IRS Says IRS Conferences Followed IRS Rules
The IRS spent $50 million on 225 employee conferences. What did the taxpayer get in return?
The very expensive IRS conferences that have come under scrutiny followed IRS guidelines, the IRS assures us.
AP (“IRS official: Lavish conference followed IRS rules“):
An Internal Revenue Service official at the center of the agency’s latest scandal told lawmakers Thursday that an expensive conference held in 2010 conformed to existing rules, though he acknowledged it was not the best use of taxpayer money.
The official, Faris Fink, said spending at the $4.1 million gathering should have been more closely scrutinized, and that new rules would prevent such a conference today.
“I think it is important to point out that in carrying out this 2010 meeting, we followed IRS and government procedures that were in place at the time,” Fink told the House Oversight and Government Reform Committee.
In 2010, Fink was a top deputy in the IRS small business and self-employed division, which staged the conference. A 32-year IRS employee, Fink was promoted to lead the division in 2011.
“The Treasury inspector general’s office review found no instances of fraud,” Fink told lawmakers. “But we are now in a very different environment and there are many new procedures in place at the IRS governing training and travel.”
The hearing focused on a new report by the IRS inspector general that said the IRS spent nearly $50 million on 225 employee conferences from 2010 through 2012. The 2010 conference in Anaheim, Calif., attended by 2,600 IRS managers from across the country, was the most expensive.
At that conference, Fink stayed in a luxury suite and starred in a cheesy but slickly-produced “Star Trek” video filmed by IRS employees.
From the witness table, Fink watched the video screen in the hearing room without expression as excerpts played showing him in his role as Mr. Spock.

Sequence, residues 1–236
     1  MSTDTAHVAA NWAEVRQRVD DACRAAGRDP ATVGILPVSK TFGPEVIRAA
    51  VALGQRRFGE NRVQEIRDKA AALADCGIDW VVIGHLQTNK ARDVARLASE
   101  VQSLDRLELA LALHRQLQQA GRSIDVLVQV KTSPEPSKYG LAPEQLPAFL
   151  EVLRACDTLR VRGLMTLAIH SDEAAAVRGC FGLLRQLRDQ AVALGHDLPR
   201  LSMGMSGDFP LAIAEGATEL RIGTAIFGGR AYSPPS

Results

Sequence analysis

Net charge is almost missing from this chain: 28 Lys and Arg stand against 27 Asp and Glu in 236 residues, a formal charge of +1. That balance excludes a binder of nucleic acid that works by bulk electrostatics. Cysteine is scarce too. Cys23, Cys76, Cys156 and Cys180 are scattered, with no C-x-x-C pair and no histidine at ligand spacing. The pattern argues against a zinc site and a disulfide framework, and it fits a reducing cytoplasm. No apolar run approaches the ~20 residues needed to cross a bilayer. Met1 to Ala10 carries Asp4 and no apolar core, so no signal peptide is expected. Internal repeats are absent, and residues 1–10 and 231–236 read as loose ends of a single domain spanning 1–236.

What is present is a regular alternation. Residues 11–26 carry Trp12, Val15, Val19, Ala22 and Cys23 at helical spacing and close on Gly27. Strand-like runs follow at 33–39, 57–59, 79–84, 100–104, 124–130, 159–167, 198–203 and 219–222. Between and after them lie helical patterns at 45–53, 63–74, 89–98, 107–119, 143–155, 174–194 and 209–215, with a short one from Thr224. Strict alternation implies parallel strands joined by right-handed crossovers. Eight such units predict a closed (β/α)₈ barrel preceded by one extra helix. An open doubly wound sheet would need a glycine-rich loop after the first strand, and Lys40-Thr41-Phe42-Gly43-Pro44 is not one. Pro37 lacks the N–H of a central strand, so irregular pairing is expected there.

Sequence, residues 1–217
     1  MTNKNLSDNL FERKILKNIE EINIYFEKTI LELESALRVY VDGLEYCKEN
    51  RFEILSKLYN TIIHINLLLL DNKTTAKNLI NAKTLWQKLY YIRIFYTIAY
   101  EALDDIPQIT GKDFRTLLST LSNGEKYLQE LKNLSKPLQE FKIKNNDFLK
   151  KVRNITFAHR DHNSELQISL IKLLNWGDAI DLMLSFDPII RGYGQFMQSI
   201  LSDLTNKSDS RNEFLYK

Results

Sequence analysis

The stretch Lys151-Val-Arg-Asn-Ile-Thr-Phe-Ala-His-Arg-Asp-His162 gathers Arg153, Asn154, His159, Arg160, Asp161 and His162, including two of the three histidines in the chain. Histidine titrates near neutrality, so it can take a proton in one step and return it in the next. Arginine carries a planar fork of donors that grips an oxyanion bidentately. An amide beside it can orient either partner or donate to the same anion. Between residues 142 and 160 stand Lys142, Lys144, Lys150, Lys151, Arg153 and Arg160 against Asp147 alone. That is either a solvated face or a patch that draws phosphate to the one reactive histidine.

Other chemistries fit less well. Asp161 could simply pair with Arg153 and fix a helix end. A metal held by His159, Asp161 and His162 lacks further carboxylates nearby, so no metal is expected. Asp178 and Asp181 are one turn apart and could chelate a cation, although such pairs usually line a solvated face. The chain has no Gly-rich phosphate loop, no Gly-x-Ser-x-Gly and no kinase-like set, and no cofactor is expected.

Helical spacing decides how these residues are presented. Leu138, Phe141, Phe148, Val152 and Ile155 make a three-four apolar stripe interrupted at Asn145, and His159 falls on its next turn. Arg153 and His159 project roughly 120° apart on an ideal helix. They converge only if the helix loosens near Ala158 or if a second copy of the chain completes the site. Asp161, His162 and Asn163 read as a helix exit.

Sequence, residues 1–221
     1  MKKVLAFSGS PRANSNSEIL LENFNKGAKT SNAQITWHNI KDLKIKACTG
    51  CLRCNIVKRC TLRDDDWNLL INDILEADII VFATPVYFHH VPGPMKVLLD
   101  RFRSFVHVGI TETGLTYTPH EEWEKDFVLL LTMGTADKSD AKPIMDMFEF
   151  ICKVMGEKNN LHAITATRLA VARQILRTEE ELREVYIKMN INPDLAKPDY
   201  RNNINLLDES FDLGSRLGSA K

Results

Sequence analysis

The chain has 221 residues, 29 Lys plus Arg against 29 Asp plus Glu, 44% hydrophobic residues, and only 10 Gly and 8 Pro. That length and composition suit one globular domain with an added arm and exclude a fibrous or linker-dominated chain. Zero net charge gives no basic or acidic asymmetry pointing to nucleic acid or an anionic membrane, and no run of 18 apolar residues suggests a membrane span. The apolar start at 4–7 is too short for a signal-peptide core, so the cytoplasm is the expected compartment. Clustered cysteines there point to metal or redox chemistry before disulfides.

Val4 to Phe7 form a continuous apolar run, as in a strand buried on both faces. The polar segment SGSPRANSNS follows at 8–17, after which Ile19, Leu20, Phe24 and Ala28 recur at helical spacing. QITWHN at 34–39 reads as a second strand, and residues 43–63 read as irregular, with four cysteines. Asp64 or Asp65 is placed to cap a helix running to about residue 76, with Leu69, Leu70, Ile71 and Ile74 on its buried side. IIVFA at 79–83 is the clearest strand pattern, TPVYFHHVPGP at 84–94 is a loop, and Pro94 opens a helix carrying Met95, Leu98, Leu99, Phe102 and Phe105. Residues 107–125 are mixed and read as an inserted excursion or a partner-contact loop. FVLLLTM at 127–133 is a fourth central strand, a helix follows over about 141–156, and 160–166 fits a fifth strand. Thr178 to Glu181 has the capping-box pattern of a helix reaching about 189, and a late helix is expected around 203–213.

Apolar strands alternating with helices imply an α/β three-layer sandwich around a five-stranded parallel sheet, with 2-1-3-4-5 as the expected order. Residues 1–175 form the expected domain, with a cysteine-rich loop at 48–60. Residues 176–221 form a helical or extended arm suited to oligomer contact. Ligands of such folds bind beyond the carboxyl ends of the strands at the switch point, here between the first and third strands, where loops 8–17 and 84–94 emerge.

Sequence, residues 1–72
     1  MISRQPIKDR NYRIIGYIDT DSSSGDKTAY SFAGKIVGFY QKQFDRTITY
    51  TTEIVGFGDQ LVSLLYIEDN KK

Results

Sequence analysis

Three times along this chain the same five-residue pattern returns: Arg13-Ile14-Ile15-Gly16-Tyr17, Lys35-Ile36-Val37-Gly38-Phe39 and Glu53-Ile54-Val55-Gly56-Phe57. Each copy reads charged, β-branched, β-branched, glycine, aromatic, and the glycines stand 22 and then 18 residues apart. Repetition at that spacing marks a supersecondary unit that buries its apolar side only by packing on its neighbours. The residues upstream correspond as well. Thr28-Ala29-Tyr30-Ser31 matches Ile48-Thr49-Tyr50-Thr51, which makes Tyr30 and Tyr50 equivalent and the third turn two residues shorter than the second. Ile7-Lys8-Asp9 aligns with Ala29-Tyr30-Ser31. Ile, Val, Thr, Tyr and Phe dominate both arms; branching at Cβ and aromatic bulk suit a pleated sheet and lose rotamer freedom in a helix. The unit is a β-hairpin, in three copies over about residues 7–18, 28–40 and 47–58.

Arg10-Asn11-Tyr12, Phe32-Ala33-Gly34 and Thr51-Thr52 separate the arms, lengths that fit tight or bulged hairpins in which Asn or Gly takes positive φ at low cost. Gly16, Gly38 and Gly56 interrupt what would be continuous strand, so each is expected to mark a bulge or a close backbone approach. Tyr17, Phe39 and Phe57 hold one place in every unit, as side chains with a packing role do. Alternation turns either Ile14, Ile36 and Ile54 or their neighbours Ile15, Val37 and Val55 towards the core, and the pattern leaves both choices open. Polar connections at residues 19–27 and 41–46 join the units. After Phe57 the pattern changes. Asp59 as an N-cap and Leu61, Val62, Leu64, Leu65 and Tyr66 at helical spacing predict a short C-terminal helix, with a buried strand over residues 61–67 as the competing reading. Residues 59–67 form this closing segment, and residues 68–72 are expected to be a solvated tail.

The IRS spent more than $50,000 to produce three videos that were shown at the conference, the report said, including the “Star Trek” parody.
“What were you thinking?” asked the committee chairman, Rep. Darrell Issa, R-Calif.
Fink said the videos were “a well-intentioned” attempt at humor, shown at the opening and closing of the conference.
“They would not occur today, based on all the guidelines that exist and frankly, they were not appropriate at that time, either,” Fink said. “The fact of the matter is, it’s embarrassing, and I apologize.”
There have been a handful of flaps recently involving lavish conferences involving government employees from various agencies. These sort of spoof videos, too, have been in the news.
Certainly, at least on the surface, the costs seem excessive. Federal employees are expected to be prudent stewards of our money. We shouldn’t expect them to double-bunk it at the local La Quinta; but not should they be staying in the penthouse at the Waldorf-Astoria.
At the same time, without more information on how the monies were spent, it’s tough to make a real assessment. $4.1 million is a lot of money. But it hosted 2100 management level employees, thus translating to $1577 per manager. That’s not exactly thrifty. But: How long was the conference? What was gained by hosting the conference? Does the cost include simply transportation, food, lodging, and whatever incidentals come from the conference itself? Or does it also include the prorated portion of the employee salaries?
Similarly, “$50 million on 225 employee conferences from 2010 through 2012” sounds outrageous. First off, do we really need to host 75 conferences a year for IRS employees? For what? Most professionals attend no more than one or two conferences a year. Second, are we getting $50 million in value for them?
The frustrating thing about all this is that we’re only focusing on the numbers and the silly videos (i.e., the costs) while ignoring the other side of the equation (i.e., the benefits). We simply don’t have enough information to assess the “scandal” without the latter.